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by Lawrence Bush
For the first four installments of this travelogue, search “Bopping” to the right.
ONCE UPON A TIME, I was a puppeteer in a two-person hand-puppet troupe called Poor People’s Puppets, with our own storefront theater on St. Marks Place in New York’s East Village. Although the art of puppetry did not take hold of me as a career, I’ve always loved it — the miniature of it, the childishness and sophistication, and the magic of endowing little figures with life and character — and whenever I travel, if there’s a puppet theater to attend, I’m there. So it was on our last day in Ljublianja, Slovenia’s capital and cultural center, which has a multi-stage puppet theater right in its center. Puppetry is a very cherished part of Slovenian culture; there’s a museum in Ljubljana dedicated to it.
The show we saw featured a family of frogs and was essentially about how the parents manage to handle their adorable, high-energy frog child while getting some rest and intimate time. The frogs were rod puppets, each held by a puppeteer who was on full display in blue-green clothes. The ongoing gag of the show was that frogs live in water — so when the father falls out of bed because the kid, sleep disturbed, is kicking his way into his parents’ bed, the father falls Into a tub of water; when the kid asks for a sip of water before going to sleep, and then for more, the father dumps a pail of water over the kid’s bed, and everyone is happy.
The actors were wonderful, their voices hilarious, their handling of the puppets expert and filled with empathy, and it was all accompanied by a sound-effects musician. It was a great, honest show (the child frog sits straining on the toilet in one scene), and very very pleasing to the audience (mostly 3- and 4-year-olds and a parent or grandparent).
The night before found us at a performance of Carl Orff’s Carmina Burana at the Ljubljana opera and ballet house. I’m familiar with the main song of the piece (1936) and have long treasured Sandy Bull’s version of it on banjo from an old, old recording, but I never knew that Carmina Burana was based on bawdy poems written by monks in the 13th century, or that it was quite so erotic . . . Wowee zowee. Still, I’ll take puppets over opera any day.
Now we’re on Slovenia’s Adriatic coast in the 1,000-year-old town of Piran. The buildings are very Venetian and there are twenty-one churches (closed to the public, at least I haven’t yet found one open, but the doors are open so you can peek in through gates) in a town that is about half a mile wide by a mile long. We’re less than ten kilometers from Trieste, a Slovenian city handed over to Italy by the victorious powers after World War I.
We rode on bikes today to Piran’s salt flats, some 400 acres of penned-in ocean where pure white salt is harvested in a tradition that goes back at least ten generations.
This part of Slovenia, although primarily a vacation-resort area , now off-season (lots of elderly people and lots of people with babies), reminds me that Slovenia is a working-class country — an International crossroads between Eastern and Western Europe, yes, but only a couple of generations not-quite-removed from farming, fishing, and hard physical labor. The average income is only $1,200 per month, and taxes are high, 40 percent and more for people with higher incomes (but the taxes pay, as I’ve noted, for health care, K to College education, apartment rents scaled to income, and much more, for everyone). And unemployment is also a problem — especially so for better-educated people. Susan’s colleague Vesna, an assistant professor of education, noted to us, for example, that she is really the only person doing her kind of work (arts-in-education pedagogy) in the entire university system — so anyone else getting her or his Ph.D would likely have to go to another country to work in the field.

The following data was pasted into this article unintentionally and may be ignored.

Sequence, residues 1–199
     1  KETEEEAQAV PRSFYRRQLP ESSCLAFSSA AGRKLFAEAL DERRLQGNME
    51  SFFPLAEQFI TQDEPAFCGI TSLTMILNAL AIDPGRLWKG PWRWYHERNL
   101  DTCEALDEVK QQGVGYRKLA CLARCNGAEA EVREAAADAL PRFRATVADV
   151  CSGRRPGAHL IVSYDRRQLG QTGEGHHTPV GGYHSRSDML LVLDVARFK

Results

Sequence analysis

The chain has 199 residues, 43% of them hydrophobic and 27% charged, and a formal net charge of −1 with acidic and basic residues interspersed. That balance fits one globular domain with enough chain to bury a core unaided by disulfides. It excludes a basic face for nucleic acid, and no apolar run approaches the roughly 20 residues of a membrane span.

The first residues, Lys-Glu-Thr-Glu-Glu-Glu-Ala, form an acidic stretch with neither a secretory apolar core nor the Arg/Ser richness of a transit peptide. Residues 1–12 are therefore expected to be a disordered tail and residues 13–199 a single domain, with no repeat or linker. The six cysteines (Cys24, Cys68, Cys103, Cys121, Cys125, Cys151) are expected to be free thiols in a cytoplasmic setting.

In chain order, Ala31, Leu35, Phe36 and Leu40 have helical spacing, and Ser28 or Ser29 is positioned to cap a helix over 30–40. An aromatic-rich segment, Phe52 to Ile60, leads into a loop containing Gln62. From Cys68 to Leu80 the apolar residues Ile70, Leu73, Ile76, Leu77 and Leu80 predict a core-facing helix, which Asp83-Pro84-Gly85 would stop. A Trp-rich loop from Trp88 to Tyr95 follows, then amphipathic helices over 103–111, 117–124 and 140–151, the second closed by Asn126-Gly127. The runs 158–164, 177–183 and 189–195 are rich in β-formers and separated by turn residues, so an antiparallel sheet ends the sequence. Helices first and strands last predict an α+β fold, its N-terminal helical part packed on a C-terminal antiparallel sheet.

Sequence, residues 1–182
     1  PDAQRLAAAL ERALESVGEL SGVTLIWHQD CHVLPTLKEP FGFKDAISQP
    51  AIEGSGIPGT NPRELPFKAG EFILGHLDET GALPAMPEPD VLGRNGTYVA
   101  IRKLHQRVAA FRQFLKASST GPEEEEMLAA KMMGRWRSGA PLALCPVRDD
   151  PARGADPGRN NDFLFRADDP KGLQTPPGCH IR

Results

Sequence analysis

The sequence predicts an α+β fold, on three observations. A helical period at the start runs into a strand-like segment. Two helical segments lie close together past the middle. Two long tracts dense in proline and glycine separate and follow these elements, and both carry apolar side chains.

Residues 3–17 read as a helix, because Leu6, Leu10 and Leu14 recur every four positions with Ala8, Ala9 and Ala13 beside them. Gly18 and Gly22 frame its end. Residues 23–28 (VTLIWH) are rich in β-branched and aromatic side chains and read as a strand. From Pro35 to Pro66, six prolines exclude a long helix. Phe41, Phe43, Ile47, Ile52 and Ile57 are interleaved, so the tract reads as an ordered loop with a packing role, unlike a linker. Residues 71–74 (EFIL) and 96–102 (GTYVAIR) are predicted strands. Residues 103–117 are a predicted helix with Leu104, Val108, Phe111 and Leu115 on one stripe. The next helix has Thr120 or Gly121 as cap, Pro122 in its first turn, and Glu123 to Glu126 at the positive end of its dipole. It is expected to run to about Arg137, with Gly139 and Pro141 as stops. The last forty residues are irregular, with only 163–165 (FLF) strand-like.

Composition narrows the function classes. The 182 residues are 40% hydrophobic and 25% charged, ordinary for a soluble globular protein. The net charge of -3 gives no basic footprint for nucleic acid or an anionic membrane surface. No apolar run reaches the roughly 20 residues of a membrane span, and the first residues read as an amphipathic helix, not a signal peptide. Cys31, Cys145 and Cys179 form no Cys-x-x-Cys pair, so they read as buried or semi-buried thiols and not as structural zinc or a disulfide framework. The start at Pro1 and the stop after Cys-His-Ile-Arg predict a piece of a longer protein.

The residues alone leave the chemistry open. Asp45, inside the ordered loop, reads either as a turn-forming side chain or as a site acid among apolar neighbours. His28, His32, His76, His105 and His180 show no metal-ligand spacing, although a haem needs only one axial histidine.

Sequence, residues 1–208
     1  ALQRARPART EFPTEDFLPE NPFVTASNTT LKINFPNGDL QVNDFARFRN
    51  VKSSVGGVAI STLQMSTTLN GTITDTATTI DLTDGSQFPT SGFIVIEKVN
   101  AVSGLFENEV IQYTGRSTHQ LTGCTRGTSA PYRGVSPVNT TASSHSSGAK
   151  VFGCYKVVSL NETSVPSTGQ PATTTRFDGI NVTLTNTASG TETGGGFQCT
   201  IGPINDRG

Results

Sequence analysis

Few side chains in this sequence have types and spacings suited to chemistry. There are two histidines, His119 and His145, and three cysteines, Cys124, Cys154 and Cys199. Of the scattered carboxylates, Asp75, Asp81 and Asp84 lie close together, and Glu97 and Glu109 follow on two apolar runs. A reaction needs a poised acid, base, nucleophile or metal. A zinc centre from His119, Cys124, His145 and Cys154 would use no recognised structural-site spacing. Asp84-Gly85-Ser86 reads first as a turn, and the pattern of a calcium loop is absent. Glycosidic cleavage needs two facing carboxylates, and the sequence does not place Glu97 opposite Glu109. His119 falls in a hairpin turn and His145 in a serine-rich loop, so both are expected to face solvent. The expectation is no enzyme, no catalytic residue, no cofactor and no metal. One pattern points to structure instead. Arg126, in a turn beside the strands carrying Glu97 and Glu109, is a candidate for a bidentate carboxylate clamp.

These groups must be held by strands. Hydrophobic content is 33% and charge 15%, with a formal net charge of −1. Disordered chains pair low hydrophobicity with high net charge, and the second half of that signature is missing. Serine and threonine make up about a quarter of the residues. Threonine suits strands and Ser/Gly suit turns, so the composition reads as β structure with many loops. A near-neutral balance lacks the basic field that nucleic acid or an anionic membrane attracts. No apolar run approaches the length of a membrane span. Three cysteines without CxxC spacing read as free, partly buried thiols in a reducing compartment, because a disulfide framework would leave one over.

In its homogeneity (at least 95 percent white, 85 percent Catholic) and long-time traditions, Slovenia also feels like a fairly conservative country. A recent family law referendum was voted down over the issue of whether to allow gay people to adopt (there were no clearly visible gay hangouts or even presence in Ljubljana, the center of urbanity in the country). The street culture is none-too-friendly, either — no smiles or nodding hello between passing strangers.
Nevertheless, Slovenia has filled me for two weeks with visions of what a small country with a capitalist system modified by its socialist past can achieve. It helps, too, that the country is wonderfully green, with the magnificent Alps to the north, the Adriatic Sea to the south and west, astounding limestone caverns to the south, and very affordable gin-and-tonics in all directions.
Lawrence Bush edits Jewish Currents.
Lawrence Bush edited Jewish Currents from 2003 until 2018. He is the author of Bessie: A Novel of Love and Revolution and Waiting for God: The Spiritual Explorations of a Reluctant Atheist, among other books. His new volume of illustrated Torah commentaries, American Torah Toons 2, is scheduled for publication this year.